In my previous 2 posts on the mind-body problem (post 1, post 2), I criticized materialist philosophers -- that is, those who believe only the physical exists and thus deny the existence of any kind of mind distinct from one's physical body. As I said (quoting Thomas Nagel), one huge problem with this view is that "all materialist theories deny the reality of the mind," though they're usually not explicit about this point, possibly because very few normal people would accept their conclusion if stated plainly.
Here's Thomas Nagel's view, which I agree with:
To insist on trying to explain the mind in terms of concepts and theories that have been devised exclusively to explain nonmental phenomena is, in view of the radically distinguishing characteristics of the mental, both intellectually backward and scientifically suicidal.Well, so far all of this has focused on the flaws with materialism. But is this just a negative point, or is there some positive, viable alternative?
I think so, but it requires accepting the fact that we probably don't have a satisfying theory yet.
Here's Nagel's extended argument to this effect (this is all from chapter 2 of The View from Nowhere (1986), which is one of the best philosophy books I've ever read):
1. "The shift from the universe of Newton to the universe of Maxwell required the development of a whole new set of concepts and theories.... This was not merely the complex application, as in molecular biology, of fundamental principles already known independently. Molecular biology does not depend on new ultimate principles or concepts of physics or chemistry, like the concept of field. Electrodynamics did."
2. Even if these new, disparate concepts have been "superseded by a deeper unity,"* we wouldn't have been able to discover that "deeper unity" in the first place "if everyone had insisted that it must be possible to account for any physical phenomenon by using concepts that are adequate to explain the behavior of planets, billiard balls, gases, and liquids. An insistence on identifying the real with the mechanical would have been a hopeless obstacle to progress, since mechanics is only one form of understanding, appropriate to a certain limited though pervasive subject matter."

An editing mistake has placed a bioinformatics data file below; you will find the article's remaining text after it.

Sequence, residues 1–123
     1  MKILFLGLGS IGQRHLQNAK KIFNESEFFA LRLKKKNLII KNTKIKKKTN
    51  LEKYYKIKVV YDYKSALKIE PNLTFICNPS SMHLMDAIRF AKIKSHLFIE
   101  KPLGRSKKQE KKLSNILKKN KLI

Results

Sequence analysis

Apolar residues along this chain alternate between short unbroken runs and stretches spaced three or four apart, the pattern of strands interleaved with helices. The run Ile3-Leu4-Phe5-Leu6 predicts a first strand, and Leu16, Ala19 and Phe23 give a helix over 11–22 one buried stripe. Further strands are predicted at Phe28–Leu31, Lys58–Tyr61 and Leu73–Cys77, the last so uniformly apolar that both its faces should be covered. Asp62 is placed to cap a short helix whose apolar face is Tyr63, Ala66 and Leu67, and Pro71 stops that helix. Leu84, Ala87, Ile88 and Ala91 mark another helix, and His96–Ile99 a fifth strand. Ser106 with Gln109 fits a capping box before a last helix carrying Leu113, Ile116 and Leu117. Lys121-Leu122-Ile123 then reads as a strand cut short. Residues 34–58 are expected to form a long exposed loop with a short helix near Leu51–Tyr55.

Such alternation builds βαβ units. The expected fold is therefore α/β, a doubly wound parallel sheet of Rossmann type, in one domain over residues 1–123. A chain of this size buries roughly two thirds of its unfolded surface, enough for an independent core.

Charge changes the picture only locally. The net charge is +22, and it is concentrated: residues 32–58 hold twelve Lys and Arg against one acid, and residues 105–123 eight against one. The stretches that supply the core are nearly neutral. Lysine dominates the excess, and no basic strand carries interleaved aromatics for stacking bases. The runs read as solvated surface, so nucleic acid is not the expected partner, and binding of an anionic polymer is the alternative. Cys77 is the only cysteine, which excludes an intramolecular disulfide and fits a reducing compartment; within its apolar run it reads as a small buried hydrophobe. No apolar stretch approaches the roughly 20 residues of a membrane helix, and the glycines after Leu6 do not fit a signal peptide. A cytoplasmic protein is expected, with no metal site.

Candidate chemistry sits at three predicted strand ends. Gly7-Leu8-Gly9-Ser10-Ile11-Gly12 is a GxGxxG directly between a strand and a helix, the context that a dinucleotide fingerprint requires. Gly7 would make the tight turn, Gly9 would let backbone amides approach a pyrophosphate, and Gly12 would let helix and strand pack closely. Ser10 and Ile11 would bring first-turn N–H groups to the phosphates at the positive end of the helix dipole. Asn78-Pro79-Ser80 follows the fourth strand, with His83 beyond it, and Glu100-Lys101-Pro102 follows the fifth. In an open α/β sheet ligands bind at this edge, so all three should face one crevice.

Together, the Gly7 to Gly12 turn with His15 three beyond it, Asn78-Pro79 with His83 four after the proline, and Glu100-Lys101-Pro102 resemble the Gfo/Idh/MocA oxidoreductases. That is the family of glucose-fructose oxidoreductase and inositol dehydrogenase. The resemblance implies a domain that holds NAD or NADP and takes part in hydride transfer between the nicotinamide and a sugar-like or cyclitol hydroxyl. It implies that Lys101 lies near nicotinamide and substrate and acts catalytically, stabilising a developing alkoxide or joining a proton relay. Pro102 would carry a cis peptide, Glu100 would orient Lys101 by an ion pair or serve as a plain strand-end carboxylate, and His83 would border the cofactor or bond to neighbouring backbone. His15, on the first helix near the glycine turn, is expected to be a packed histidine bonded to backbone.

* Nagel suggests that this has actually happened; I don't know enough about the relevant science to have an opinion on that.
3. "The difference between mental and physical is far greater than the difference between electrical and mechanical."
4. If you believe that something can be "pervasive" but "limited," to use the words from point 2 -- and it's hard to see how anyone could deny this possibility -- then you should be open to the view that the physical isn't necessarily the only thing that's real, but rather is "only one form of understanding."
5. Given that it certainly seems like the world includes not just the physical but also the mental, "[w]e need entirely new intellectual tools, and it is precisely by reflection on what appears impossible -- like the generation of mind out of the recombination of matter -- that we will be forced to create such tools."
6. It's possible that if we go down this road and come up with a successful theory of the mind, we will not arrive at dualism, but will discover some sort of "deeper unity" of the mind and body. Nagel elaborates on this point:
In other words, if a psychological Maxwell devises a general theory of mind, he may make it possible for a psychological Einstein to follow with a theory that the mental and the physical are really the same. But this could happen only at the end of a process which began with the recognition that the mental is something completely different from the physical world as we have come to know it through a certain highly successful form of detached objective understanding. Only if the uniqueness of the mental is recognized will concepts and theories be devised especially for the purpose of understanding it. Otherwise there is a danger of futile reliance on concepts designed for other purposes, and indefinite postponement of any possibility of a unified understanding of mind and body."I completely agree with Nagel on all this, and I try to keep it in mind anytime I read or hear overly confident materialist philosophers.